That’s a fostering that could have huge results both creatively, as stronger and more emotive narrative grows in games, and financially, as the market expands.
Here in Hollywood, amidst the frenzy to make everything 3D and get it out there as soon as possible, as well as the ongoing guessing game known as the Academy Awards, it’s easy to overlook just how big a shift the release of “Heavy Rain” is for gaming — just as it is often easily overlooked just how mainstream and lucrative videogame culture is.
Even with the recent downturn the industry has suffered in this economy, the numbers are startling. Across all demographics, gamers are a widespread and loyal audience.
Recently there have been huge surges, due in no small part to Nintendo’s interactive Wii system, in use by seniors, or “Matures,” as marketers have taken to calling them.
That’s right, it’s not pimply-faced smelly boys playing videogames — it’s them, their sisters, their parents and their grandparents.
If those numbers don’t impress you, the bottom line will.
Retailing for $59.99 for the standard edition and costing about $200 million to make and globally market, “Call of Duty: Modern Warfare 2” racked up $500,000,000 in sales in five days. That’s about half the time it took “Avatar” to make the same amount at the box office.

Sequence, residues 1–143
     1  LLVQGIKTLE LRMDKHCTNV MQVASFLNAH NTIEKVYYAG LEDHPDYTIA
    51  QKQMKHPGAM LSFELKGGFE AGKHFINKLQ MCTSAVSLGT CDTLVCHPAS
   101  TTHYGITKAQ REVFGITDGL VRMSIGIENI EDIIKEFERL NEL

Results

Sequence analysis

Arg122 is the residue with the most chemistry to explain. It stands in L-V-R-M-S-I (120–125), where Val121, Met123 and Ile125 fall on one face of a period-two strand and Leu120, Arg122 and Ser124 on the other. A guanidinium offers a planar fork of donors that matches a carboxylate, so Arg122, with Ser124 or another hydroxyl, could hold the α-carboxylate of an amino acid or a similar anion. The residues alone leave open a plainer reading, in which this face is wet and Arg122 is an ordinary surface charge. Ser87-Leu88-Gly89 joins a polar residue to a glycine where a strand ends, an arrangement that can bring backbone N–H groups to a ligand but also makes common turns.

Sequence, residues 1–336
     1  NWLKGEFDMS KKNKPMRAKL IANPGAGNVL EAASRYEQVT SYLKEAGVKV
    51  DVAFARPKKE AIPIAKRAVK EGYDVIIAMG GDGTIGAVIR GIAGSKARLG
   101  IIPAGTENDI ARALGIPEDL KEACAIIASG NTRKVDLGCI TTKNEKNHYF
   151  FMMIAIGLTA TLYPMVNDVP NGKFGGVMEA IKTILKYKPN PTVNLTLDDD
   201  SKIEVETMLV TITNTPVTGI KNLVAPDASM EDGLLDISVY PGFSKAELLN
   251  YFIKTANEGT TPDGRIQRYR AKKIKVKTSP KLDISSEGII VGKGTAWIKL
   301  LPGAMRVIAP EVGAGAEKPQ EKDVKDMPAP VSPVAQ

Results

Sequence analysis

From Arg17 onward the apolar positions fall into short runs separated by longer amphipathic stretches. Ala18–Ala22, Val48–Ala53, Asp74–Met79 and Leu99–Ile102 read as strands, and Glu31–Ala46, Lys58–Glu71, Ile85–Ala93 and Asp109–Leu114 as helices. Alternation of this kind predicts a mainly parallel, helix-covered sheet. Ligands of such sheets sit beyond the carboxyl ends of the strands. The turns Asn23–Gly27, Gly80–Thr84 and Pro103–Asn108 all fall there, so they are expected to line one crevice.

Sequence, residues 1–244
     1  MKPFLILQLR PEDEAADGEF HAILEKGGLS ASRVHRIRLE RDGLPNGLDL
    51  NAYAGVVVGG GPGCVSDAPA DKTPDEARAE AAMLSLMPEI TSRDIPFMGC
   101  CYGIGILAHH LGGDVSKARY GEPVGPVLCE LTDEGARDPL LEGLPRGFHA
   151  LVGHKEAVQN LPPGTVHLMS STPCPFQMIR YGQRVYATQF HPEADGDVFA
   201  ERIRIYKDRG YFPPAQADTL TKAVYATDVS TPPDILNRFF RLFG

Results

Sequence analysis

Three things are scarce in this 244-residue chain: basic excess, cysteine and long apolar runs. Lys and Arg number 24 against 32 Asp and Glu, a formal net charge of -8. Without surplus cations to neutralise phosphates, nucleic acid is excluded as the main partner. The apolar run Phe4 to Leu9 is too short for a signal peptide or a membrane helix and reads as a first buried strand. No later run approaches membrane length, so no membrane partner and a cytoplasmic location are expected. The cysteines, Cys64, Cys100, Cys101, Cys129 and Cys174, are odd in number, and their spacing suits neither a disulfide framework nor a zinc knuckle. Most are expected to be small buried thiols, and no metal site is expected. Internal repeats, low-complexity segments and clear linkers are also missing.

With the rise of even more platforms and social gaming over the likes of Facebook, videogames have not only greater technology but also the tentacles to reach where other elements of the entertainment industry cannot.
In that context, the real big news last year wasn’t the hit the industry took or the success of “Modern Warfare 2” but the $400 million that Electronic Arts, one of the biggest players in the videogame industry, paid for Playfish, one of the leading social gaming companies. Why? Because, with Playfish’s games having 60 million-plus monthly players, it’s a real investment in real growth.
“Heavy Rain” isn’t the first videogame to delve into the pathology of fear and the neurotic obsession of loss. Quantic Dream’s 2004 game “Fahrenheit” stalked similar territory. But, just like how 2005’s “Chicken Little” and 2008’s “Journey to the Center of the Earth” went 3D before “Avatar” came out, “Heavy Rain” is the first film to transform what was a novelty into the narrative norm.
Developed from a 1,200-page script, 10 times more than most Hollywood movies, “Heavy Rain” is heavily plotted out. Players move from scenario to scenario with jump-cut speed, leaving one mini-chapter in minutes for another, never looking back, always reeling forward – a lot like life.
That, in a lineage evolved from “Pong” to “Super Mario” to the "Grand Theft Auto" series, is what makes “Heavy Rain” unique — it’s so real, in the gray areas as much as the black-and-white.
This is not a game anymore; this is life in a game, a fully developed world.
That’s why I think one day we’ll look back and see that “Heavy Rain,” like “The Jazz Singer,” “Sgt. Pepper’s Lonely Hearts Club Band” and “Avatar,” was just the first few drops of a hard, hard rain that washed everything before it away.
That’s a game changer.